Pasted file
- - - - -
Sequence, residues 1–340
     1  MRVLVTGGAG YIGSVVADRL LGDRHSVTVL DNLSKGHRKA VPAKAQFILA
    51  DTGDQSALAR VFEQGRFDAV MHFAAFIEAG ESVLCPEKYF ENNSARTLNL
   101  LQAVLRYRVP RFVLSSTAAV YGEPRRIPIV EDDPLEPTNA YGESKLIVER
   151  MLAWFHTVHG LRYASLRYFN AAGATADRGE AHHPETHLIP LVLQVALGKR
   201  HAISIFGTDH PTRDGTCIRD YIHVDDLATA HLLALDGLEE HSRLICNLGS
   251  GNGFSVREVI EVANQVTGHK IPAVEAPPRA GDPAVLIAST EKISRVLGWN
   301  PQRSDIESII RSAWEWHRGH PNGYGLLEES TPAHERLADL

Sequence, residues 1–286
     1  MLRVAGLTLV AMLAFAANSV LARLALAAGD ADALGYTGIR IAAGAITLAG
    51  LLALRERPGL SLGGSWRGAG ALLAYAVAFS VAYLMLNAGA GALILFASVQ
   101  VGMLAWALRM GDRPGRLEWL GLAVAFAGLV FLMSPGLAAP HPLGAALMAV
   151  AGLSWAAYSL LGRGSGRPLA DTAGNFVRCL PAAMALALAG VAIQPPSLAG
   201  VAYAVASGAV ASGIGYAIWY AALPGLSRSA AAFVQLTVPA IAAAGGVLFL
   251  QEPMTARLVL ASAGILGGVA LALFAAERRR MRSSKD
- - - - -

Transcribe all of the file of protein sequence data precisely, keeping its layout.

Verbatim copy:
Sequence, residues 1–340
     1  MRVLVTGGAG YIGSVVADRL LGDRHSVTVL DNLSKGHRKA VPAKAQFILA
    51  DTGDQSALAR VFEQGRFDAV MHFAAFIEAG ESVLCPEKYF ENNSARTLNL
   101  LQAVLRYRVP RFVLSSTAAV YGEPRRIPIV EDDPLEPTNA YGESKLIVER
   151  MLAWFHTVHG LRYASLRYFN AAGATADRGE AHHPETHLIP LVLQVALGKR
   201  HAISIFGTDH PTRDGTCIRD YIHVDDLATA HLLALDGLEE HSRLICNLGS
   251  GNGFSVREVI EVANQVTGHK IPAVEAPPRA GDPAVLIAST EKISRVLGWN
   301  PQRSDIESII RSAWEWHRGH PNGYGLLEES TPAHERLADL

Sequence, residues 1–286
     1  MLRVAGLTLV AMLAFAANSV LARLALAAGD ADALGYTGIR IAAGAITLAG
    51  LLALRERPGL SLGGSWRGAG ALLAYAVAFS VAYLMLNAGA GALILFASVQ
   101  VGMLAWALRM GDRPGRLEWL GLAVAFAGLV FLMSPGLAAP HPLGAALMAV
   151  AGLSWAAYSL LGRGSGRPLA DTAGNFVRCL PAAMALALAG VAIQPPSLAG
   201  VAYAVASGAV ASGIGYAIWY AALPGLSRSA AAFVQLTVPA IAAAGGVLFL
   251  QEPMTARLVL ASAGILGGVA LALFAAERRR MRSSKD